Notice also, in the above citation from the WCF, that there is a connection made between what happened in the garden and what happened at Sinai. There is continuity between the two periods, though differences remain. In Israel of the Old Testament, we have not just the moral law, but now the ceremonial and judicial laws, applying to the theocratic people of God in Israel. The WCF states:
God was pleased to give to the people of Israel, as a church under age, ceremonial laws, containing several typical ordinances, partly of worship, prefiguring Christ, His graces, actions, sufferings, and benefits; and partly, holding forth divers instructions of moral duties. All which ceremonial laws are now abrogated, under the New Testament. To them also, as a body politic, He gave sundry judicial law, which expired together with the state of that people; not obliging any other now, further than the general equity thereof may require (19.3-4).
According to the WCF, as the people of God progress towards the New Testament period, the function and application of the ceremonial and judicial laws change; indeed, they are abrogated, expire (that is, die out), become extinct, cease, and come to an end. The ceremonial and judicial laws given to the state of Israel during the time of the theocracy were not meant to be applied forever (further than general equity requires), according to the WCF. Reformed theologians have recognized and respected this principle for years—for God could sanction wise laws at one time and in one nation for one purpose and then for certain reasons not sanction them for another according to his own prerogative.(7)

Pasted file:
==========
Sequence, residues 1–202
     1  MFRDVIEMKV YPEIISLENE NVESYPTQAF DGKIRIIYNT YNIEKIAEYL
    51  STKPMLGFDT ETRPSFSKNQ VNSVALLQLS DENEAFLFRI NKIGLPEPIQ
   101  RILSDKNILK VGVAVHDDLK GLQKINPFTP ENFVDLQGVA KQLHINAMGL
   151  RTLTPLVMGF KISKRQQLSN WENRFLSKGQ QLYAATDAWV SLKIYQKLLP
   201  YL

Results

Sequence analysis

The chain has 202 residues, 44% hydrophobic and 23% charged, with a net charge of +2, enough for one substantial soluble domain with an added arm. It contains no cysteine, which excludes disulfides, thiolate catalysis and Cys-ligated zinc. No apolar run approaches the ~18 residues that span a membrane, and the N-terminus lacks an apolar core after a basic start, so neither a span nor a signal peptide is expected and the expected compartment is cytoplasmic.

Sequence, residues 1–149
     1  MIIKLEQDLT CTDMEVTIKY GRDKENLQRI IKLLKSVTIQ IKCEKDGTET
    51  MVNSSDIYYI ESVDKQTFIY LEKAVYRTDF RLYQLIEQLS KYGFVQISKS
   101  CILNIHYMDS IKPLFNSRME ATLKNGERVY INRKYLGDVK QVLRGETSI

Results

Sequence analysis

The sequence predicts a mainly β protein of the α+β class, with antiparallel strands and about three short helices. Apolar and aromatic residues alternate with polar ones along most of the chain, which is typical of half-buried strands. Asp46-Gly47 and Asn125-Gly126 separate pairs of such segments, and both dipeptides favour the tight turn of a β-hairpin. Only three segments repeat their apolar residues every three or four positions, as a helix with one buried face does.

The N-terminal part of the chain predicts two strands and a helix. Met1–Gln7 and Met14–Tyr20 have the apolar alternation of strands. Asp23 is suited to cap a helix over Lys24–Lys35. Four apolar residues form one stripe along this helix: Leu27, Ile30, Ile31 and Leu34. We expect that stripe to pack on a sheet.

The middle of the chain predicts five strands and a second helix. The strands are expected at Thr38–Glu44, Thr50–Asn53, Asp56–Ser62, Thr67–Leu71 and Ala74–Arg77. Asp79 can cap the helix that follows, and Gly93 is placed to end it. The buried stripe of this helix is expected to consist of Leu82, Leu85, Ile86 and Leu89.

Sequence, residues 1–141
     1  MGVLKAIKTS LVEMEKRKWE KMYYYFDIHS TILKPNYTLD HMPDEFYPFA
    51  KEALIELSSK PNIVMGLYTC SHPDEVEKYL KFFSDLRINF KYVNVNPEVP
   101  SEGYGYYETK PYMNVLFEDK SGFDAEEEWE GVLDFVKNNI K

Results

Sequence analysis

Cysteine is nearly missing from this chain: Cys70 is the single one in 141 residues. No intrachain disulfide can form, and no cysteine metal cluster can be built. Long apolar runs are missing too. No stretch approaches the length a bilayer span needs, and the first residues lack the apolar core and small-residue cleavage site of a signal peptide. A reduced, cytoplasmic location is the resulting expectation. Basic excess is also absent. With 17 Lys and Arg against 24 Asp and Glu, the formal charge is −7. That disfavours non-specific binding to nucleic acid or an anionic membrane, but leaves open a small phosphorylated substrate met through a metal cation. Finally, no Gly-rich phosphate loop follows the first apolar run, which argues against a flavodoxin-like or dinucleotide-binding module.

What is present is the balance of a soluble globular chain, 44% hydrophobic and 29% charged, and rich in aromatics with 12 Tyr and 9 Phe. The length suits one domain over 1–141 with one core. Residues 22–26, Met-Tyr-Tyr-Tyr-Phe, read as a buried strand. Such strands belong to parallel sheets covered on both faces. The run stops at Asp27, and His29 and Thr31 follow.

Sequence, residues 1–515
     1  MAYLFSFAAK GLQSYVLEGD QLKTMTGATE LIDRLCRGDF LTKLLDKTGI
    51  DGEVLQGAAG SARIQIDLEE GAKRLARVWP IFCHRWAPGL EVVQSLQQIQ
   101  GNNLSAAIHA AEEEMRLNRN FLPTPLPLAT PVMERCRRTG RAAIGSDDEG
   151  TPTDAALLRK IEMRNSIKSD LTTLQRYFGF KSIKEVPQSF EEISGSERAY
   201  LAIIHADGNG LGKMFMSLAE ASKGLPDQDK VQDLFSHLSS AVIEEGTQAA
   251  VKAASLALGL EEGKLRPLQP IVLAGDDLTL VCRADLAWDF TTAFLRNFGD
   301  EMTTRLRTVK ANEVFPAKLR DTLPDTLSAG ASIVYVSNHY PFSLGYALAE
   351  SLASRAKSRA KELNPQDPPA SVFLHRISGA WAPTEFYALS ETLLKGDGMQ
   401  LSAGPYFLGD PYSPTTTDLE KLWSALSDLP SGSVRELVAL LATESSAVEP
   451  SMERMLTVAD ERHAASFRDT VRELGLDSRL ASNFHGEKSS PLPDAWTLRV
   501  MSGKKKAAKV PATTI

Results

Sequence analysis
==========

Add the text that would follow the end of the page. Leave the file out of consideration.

The reader should consider two similar points made by John Calvin in his Institutes (II. 7.15 & II. 7.16) where he discusses the changes in the use and effects of the various aspects of God’s ceremonial and judicial laws assigned to Israel as a body politic—in other words, according to what time period, or more specifically, what covenantal era the people of God are living in. Commenting on the points made by Calvin, Paul Helm, a professor of philosophy and theology, sums up: